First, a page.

2. Materials and Methods

2.1. Fibre Production and Characterisation

2.1.1. Materials

Poly(carvone acrylate di-epoxide) (PCADE, Mn = 2800 g mol−1, PDI = 1.5) was synthesised as previously described [15] and reported in the Supplementary Materials (Figures S1 and S2). Polyvinylidene fluoride (PVDF, 6008, Solef) was kindly provided by Solvay Specialty Polymers. Acetone (Ac, ACS reagent, 99.5%) and dimethylformamide (DMF, ACS reagent, 99.8%) were purchased from Sigma-Aldrich and used without further purification.

2.1.2. Electrospinning

Nanofibrous mats were fabricated using a laboratory electrospinning machine (Spinbow Lab Unit, Spinbow S.r.1., Bologna, Italy), equipped with a linear sliding spinneret carrying two syringes ejecting the same polymer solution at a rate of 1.2 mL h−1 and connected to two stainless-steel blunt-ended needles (inner diameter= 0.51 mm) with PTFE tubes. A drum collector (diameter = 150 mm; length = 500 mm) rotating at 50 rpm and positioned 23 cm away from the needles was used as collector. PVDF mats were prepared from a 18% (w/v) solution of PVDF dissolved in Ac:DMF=60:40 (v/v), by applying a voltage of 17 kV. PVDF/PCADE 85/15 (w/w) and PVDF/PCADE 70/30 (w/w) were prepared from 18% (w/v) polymer solutions in Ac:DMF = 70:30 (v/v), by applying a voltage of 25 and 26 kV, respectively. In a typical preparation, 1.53 g of PVDF and 0.27 g of PCADE were dissolved in 10 mL to prepare PVDF/PCADE 85/15, whereas 1.26 g of PVDF and 0.54 of PCADE were dissolved in 10 mL to prepare PVDF/PCADE 70/30. Electrospinning was performed at room temperature (RT) and relative humidity 30–40%. The electrospinning process was carried out until the thickness of the mat was about 40 μm.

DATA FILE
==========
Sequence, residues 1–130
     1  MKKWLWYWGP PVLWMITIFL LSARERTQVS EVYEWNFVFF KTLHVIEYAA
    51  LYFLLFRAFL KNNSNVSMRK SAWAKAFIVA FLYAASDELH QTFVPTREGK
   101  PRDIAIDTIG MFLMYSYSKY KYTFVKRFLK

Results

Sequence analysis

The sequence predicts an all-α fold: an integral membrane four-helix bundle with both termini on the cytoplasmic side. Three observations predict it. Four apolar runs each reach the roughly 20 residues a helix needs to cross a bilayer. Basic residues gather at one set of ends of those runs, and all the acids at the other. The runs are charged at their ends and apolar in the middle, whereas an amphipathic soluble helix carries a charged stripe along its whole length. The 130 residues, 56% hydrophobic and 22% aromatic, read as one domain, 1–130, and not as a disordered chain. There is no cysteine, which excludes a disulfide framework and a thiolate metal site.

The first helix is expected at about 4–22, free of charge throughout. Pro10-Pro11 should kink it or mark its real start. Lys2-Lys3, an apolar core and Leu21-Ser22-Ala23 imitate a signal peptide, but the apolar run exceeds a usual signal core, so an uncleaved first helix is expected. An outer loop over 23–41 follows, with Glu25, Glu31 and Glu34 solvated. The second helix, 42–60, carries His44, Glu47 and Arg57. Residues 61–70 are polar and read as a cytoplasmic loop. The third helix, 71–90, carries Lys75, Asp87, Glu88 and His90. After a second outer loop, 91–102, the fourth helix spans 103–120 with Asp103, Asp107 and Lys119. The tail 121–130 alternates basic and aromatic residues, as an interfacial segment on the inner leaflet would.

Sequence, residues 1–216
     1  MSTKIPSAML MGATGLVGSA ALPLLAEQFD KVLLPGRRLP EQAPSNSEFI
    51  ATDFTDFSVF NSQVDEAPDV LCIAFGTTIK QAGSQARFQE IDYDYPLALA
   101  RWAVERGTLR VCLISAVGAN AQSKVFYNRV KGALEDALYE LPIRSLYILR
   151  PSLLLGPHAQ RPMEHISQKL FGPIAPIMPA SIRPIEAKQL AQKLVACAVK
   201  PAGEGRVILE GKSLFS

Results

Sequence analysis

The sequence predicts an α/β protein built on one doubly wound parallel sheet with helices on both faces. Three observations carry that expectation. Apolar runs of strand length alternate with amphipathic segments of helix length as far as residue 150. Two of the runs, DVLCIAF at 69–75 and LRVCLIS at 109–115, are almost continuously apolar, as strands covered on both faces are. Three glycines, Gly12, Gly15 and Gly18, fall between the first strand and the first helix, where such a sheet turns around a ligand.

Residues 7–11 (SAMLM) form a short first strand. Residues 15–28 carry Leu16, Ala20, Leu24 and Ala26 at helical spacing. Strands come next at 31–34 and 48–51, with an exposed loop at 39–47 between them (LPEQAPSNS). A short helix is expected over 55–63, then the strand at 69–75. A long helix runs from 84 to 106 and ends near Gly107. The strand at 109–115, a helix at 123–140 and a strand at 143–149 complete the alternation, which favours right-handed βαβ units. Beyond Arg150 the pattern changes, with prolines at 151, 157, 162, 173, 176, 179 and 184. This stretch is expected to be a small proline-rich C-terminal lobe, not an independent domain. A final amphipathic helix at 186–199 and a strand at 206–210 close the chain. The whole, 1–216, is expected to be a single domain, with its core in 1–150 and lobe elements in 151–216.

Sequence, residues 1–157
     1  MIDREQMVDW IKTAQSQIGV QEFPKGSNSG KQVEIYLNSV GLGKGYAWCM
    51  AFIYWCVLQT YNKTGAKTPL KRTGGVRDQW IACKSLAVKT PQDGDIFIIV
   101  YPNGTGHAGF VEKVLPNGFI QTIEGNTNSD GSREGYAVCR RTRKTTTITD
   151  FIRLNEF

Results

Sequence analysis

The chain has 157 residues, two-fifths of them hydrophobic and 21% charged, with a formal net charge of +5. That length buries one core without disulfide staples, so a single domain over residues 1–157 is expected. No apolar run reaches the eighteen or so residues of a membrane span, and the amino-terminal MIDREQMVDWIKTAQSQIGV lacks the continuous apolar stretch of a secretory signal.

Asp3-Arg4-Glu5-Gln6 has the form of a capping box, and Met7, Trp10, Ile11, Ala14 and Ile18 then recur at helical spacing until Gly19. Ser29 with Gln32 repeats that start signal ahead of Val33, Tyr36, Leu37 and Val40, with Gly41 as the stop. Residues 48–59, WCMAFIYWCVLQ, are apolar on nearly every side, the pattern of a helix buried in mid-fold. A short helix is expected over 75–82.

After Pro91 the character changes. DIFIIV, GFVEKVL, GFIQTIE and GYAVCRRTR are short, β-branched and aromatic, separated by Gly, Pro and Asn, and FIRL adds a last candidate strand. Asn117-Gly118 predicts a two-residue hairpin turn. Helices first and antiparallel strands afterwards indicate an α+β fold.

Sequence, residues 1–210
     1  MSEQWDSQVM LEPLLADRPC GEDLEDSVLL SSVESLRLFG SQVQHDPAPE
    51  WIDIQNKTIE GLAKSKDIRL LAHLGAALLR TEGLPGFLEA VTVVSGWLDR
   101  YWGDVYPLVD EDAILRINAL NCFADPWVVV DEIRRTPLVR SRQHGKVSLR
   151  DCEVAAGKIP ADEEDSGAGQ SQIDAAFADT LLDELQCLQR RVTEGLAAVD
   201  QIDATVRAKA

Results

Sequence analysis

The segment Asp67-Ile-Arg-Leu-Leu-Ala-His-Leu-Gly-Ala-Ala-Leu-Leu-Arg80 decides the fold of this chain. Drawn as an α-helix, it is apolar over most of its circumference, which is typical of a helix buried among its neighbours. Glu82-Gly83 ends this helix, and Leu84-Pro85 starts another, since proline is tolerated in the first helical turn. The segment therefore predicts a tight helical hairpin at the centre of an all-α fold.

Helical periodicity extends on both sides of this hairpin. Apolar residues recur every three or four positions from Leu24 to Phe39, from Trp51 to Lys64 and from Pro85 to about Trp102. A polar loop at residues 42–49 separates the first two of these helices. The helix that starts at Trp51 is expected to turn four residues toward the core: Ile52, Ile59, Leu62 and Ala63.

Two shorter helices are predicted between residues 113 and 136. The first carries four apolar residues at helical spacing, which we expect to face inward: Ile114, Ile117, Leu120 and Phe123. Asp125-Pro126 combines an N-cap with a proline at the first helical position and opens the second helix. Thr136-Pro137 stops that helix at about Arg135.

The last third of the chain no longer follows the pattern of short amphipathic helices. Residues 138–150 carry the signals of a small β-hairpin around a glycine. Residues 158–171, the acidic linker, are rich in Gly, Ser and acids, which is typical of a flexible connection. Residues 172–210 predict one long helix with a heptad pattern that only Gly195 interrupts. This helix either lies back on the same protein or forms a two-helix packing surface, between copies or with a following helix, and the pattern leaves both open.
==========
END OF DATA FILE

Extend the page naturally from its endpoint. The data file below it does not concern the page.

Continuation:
2.1.3. Characterisation Techniques

Scanning electron microscopy (SEM) was performed on a Zeiss LEO 1530 FE-SEM, operated at 5 kV. Samples were sputter-coated with gold prior to SEM observations. and observed with an In-lens SE detector. The distribution of fibre diameters was determined through the measurement of about 100 fibres and the results are given as the average diameter ± standard deviation (SD). The one-way ANOVA was used to test the statistical significance of the difference between the mean values (p < 0.001).
XPS spectra were recorded with a VG Microtech spectrometer with a CLAMII analyser. The X-ray source (Mg Kα1,2, 1253.6 eV) worked at 100 kV and 10 mA at a pressure < 2 × 10−8 Torr. Pass energy: 100 eV for wide scans, 50 eV for narrow scans. The spectra were recorded with taking-off angles of 45°. All data analyses (linear background subtraction and peak integration) were accomplished using PeakFit software (v.4 by SPSS). Binding energies were referenced to the C-H level at 285.0 eV.
Thermogravimetric analyses (TGA) were carried out using a TA instruments Q500 thermogravimetric analyser. Analyses were performed from RT to 700 °C, at a heating rate of 10 °C min−1, under air flow.
Thermal transitions were measured by means of a TA Instruments differential scanning calorimeter, DSC Q100, equipped with a refrigerated cooling system (RCS). Samples were subjected to a first heating scan at 10 °C min−1 from −50 °C up to 120°C, a controlled cooling at 10°C min−1 up to −50°C and a second heating scan at 10 °C min−1.
Dynamic mechanical thermal analysis (DMTA) was carried out on electrospun strips (gauge length about 10 mm) by means of a TA Instruments dynamic mechanical, analyser DMA Q800, under a tensile configuration. The specimens were tested within a heating ramp from −90 °C to 100 °C at 3 °C min−1, adopting a frequency of 1 Hz under displacement control.